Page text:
8.Upon my study of the record, it is apparent that the impugned ruling preceded the final judgment and hence a determination of the ruling on appeal; if leave to appeal is granted; will determine the outcome on the judgment.
9.In view of the foregoing circumstances, I disagree with the above argument made by the counsel.
10.Section 79G of the Civil Procedure Act stipulates that an appeal against the decision of a subordinate court shall be lodged within 30 days from the date of the decree or the order being appealed against. The provision further stipulates that an appeal can be admitted out of time where sufficient cause has been shown.
11.Under the provisions of section 95 of the Civil Procedure Act and order 50, rule 6 of the Civil Procedure Rules, the courts have power to enlarge the time required for the performance of any act under the rules even where such time has expired.
12.The Court of Appeal in the case of Thuita Mwangi v Kenya Airways Ltd  eKLR listed the conditions to be met in deciding whether to extend the period for filing an appeal out of time and which shall guide my reasoning and findings hereunder.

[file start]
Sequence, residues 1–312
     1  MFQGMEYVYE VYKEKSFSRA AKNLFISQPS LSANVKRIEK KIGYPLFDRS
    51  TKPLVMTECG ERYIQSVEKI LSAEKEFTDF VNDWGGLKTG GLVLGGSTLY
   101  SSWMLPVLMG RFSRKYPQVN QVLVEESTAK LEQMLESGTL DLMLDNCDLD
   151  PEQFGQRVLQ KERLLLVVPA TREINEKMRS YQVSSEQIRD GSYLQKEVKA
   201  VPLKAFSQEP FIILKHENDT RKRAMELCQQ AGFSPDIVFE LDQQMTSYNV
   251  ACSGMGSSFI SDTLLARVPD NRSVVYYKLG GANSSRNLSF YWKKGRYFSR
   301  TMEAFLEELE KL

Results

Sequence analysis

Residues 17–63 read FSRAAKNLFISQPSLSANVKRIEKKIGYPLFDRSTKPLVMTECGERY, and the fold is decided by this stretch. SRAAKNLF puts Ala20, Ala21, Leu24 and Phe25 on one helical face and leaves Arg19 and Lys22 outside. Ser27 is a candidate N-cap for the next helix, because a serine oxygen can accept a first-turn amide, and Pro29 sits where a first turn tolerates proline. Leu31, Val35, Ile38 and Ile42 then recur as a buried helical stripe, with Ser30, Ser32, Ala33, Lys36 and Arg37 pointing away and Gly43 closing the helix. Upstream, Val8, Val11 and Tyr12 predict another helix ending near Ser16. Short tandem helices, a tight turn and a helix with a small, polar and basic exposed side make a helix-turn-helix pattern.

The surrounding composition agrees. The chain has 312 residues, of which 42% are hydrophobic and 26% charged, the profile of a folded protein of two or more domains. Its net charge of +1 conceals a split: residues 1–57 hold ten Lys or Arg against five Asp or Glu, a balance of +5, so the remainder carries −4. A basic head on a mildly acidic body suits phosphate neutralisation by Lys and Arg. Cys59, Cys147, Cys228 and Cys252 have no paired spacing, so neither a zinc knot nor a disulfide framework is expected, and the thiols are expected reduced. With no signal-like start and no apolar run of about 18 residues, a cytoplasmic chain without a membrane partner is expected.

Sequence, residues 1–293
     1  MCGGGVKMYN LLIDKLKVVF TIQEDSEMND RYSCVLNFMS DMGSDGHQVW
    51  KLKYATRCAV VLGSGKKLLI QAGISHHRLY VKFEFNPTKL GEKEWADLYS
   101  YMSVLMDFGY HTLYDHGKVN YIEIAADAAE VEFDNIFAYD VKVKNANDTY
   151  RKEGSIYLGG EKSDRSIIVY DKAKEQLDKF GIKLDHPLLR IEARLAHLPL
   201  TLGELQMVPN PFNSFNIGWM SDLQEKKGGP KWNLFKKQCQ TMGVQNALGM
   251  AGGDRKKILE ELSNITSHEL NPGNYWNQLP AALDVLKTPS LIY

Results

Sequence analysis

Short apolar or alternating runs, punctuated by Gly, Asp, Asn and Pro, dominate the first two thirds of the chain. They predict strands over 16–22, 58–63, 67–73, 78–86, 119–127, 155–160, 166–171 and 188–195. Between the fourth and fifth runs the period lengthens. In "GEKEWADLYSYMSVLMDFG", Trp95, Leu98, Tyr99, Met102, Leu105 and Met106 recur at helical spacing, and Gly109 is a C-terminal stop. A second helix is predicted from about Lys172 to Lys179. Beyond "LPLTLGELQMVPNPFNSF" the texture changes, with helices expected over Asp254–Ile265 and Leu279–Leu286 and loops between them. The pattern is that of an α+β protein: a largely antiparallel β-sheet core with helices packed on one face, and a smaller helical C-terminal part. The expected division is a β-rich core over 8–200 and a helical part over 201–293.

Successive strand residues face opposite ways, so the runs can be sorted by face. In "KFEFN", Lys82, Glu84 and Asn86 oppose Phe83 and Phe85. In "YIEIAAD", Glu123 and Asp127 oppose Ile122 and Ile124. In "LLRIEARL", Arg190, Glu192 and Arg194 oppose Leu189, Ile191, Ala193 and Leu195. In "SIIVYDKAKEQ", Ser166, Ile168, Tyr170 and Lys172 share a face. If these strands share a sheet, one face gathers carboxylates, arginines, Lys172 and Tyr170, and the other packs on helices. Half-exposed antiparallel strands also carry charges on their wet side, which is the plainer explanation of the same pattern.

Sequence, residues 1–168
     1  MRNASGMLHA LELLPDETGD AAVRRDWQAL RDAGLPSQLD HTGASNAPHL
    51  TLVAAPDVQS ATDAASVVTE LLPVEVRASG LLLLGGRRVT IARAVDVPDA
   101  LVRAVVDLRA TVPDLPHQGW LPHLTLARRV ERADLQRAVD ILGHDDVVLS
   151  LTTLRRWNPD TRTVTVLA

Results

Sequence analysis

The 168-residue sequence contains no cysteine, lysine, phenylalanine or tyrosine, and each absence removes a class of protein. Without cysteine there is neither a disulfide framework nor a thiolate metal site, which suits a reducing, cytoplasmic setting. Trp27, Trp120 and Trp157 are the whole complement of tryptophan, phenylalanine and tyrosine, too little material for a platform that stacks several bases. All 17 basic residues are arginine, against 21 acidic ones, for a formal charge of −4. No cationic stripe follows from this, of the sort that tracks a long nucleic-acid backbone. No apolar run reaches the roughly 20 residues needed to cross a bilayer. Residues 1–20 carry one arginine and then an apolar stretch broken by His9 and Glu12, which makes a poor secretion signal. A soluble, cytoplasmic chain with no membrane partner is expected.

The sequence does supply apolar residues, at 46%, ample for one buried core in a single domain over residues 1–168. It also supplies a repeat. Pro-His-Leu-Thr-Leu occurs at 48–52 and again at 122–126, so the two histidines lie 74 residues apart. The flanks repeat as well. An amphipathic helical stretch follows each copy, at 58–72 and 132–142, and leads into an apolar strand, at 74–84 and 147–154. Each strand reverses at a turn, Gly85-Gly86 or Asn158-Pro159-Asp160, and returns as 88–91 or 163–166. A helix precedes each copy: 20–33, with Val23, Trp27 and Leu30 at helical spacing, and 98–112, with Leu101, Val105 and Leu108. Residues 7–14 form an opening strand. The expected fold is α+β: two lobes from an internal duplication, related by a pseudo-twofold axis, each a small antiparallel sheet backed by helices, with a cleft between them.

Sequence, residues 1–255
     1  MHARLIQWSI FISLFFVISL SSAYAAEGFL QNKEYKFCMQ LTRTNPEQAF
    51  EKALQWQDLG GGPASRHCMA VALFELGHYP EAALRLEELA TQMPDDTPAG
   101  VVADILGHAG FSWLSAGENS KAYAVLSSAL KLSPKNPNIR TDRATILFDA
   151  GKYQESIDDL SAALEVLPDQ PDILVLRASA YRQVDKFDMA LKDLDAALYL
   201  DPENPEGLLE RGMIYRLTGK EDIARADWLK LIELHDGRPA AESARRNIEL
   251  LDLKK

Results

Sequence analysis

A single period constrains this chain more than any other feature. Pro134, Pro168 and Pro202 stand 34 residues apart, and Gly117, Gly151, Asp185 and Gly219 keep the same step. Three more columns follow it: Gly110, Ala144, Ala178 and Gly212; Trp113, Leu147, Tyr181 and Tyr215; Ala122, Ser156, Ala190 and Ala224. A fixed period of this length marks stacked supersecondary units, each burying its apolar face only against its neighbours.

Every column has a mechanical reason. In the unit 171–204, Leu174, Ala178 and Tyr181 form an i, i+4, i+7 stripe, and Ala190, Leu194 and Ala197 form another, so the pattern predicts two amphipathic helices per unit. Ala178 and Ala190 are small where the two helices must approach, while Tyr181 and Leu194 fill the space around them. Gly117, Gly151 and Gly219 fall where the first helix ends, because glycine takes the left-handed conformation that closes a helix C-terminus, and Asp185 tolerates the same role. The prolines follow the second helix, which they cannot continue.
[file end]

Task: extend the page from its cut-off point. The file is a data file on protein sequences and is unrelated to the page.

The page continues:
13.Under the first condition touching on length of delay, the applicants state that the delay in bringing the instant motion is not so inordinate as to be deemed inexcusable. The respondent terms the delay as inordinate.
14.While it is apparent from the record that no copy of the impugned ruling was availed to this court, it is not in dispute that the ruling was delivered on May 30, 2022 followed by final judgment delivered on July 15, 2022; while the motion was brought close to six (6) months later. In my mind, while it clear that there has been a prolonged delay in bringing the instant motion, I do not find the delay to be inordinate in the circumstances.
15.Concerning the reasons for the delay, the applicants explained that the delay was occasioned by the fact that the advocate who had conduct of the matter on behalf of the applicants left the firm without having undertaken a proper handover and that the lower court file had gone missing from the registry.
16.The respondent through his advocate states that the applicants have not given any detailed or reasonable explanation for the delay.